Unfortunately, lower-level functionaries tend to take the brunt of public frustration at inscrutable systems, while the decision makers remain unaccountable. This is why “let me speak to your manager” regressions are so futile: after a certain point, you simply cannot access the next level.
Kafka was aware of this fact. When Joseph K. files a complaint against the court for arresting him, he eventually finds the two warders who conducted the arrest being brutally whipped. Horrified, he pleads futilely with the indifferent whipper to stop. Joseph K. had every reason to complain about his arrest, but the court made him a Karen for doing so.
This was the genius of mask mandates: their enforcement fell to those who had little say in their implementation. Kafka’s high courts are inaccessible to the ordinary defendant, just as most public health officials are unelected and unaccountable. It is unfortunate that minimum wage employees were subject to such grief, but the blame for that, too, lies with those agents who made the rules in the first place.
In a system such as this, moral behavior is stymied and immoral behavior is incentivized. Take for example the comedian Alex Stein. Early in the pandemic, he began going to local community meetings and speaking out earnestly against ridiculous rules, like closures of public park bathrooms. Stein said, “I was so sincere and went to about three or four meetings, but nobody paid attention.”
These are the perverse incentives of a Kafkaesque system. Why should one work on a persuasive speech, when boorish mockery is more fun and gets better results? Those professing alarm about the rise in incivility should take careful note.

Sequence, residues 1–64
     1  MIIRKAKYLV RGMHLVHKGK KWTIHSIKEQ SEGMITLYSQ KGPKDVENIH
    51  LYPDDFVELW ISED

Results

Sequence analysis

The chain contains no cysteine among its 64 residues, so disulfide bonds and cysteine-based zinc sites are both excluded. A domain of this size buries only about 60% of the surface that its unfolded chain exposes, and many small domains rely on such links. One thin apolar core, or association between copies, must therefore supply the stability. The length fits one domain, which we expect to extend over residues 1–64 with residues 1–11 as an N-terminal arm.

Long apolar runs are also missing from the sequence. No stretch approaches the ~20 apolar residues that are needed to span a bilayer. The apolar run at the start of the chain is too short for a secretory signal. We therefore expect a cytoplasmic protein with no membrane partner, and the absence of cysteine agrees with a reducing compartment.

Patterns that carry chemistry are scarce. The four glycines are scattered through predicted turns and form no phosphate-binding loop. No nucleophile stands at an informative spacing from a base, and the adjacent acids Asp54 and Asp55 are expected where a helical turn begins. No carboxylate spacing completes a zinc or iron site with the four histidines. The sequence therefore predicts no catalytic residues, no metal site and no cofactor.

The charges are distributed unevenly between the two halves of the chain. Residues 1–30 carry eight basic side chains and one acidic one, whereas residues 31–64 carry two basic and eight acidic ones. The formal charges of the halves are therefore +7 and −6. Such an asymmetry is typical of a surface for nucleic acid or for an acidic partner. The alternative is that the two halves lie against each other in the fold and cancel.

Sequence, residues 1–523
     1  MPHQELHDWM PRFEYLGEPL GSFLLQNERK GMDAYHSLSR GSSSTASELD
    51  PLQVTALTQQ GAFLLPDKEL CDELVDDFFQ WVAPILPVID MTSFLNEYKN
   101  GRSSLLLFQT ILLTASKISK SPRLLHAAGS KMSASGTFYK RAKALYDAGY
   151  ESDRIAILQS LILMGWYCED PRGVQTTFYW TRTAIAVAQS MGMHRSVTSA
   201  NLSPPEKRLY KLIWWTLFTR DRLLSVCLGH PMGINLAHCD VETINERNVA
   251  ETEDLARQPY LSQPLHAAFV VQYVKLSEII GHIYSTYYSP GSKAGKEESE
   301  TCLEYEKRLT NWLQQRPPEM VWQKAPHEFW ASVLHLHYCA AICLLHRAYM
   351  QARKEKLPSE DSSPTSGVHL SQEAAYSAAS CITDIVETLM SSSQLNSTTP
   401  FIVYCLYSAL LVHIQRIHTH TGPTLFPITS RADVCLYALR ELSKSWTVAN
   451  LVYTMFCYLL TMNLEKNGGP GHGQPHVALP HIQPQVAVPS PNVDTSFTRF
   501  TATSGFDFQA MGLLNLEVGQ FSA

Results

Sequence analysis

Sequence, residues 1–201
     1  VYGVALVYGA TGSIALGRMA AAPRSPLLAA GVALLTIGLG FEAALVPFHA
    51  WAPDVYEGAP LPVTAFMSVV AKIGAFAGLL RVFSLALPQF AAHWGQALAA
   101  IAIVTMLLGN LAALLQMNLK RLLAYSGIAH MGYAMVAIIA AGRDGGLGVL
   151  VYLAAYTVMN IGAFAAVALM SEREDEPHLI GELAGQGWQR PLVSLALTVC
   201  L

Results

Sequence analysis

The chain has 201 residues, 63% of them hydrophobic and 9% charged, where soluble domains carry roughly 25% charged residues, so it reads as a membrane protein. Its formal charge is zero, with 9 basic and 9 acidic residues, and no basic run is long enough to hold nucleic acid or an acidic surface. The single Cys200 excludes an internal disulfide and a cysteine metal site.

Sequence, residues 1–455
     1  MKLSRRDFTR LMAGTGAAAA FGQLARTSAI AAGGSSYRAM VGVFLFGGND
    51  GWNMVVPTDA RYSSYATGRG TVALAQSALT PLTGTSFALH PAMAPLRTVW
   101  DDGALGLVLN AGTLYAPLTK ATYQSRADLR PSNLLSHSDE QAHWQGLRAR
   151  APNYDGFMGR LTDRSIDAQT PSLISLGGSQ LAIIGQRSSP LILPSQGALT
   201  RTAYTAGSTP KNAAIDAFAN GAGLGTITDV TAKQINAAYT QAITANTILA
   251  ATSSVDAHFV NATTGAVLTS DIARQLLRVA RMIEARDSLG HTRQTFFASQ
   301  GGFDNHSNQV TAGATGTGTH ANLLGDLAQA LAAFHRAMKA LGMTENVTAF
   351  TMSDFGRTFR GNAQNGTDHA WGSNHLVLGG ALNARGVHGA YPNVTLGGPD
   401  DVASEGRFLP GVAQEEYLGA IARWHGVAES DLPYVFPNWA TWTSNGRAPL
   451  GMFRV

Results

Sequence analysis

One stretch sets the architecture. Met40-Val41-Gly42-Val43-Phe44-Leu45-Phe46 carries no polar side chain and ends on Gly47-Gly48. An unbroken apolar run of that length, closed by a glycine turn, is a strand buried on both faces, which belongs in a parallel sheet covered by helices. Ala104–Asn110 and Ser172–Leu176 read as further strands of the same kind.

Unfortunately, Kafka gives no easy answers. At the end of The Trial, Joseph K. is coldly executed. However, Kafka indicates that he was complicit: Joseph K. had the power to resist his executioners as they led him to his death, and didn’t.
Kafka’s novel also includes a surreal parable entitled “Before the Law,” about a man who is denied entry to the law by a doorkeeper. When the man tries to glance past the doorkeeper, he is told:
If it tempts you so much, try it in spite of my prohibition. But take note: I am powerful. And I am only the most lowly gatekeeper. But from room to room stand gatekeepers, each more powerful than the other. I can’t endure even one glimpse of the third.
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So the man waits outside the law for the rest of his life, only to be told by the doorkeeper in his last moments that the door was intended only for him.
All of this is a subversion of the monomyth. While an archetypal Campbellian hero would have accepted the Call to Adventure, confronted the doorkeeper, and fought his way to the end of the law, Kafka’s stories end at the Refusal of the Call. But even in his most despondent writings, there remains some sense that this is not all there could be: that the higher courts could be accessed, if only one had the right tools.
The much-maligned Karens are, all too often, attempting futilely to speak to the higher doorkeepers, bashing themselves against the bureaucracy in the vain hope of breaking through to a world of reason. From the first doorkeeper’s perspective, they are an intolerable nuisance. But in our Kafkaesque world of chaos, one devoid of both logic and compassion, Karen-esque behavior will remain inevitable.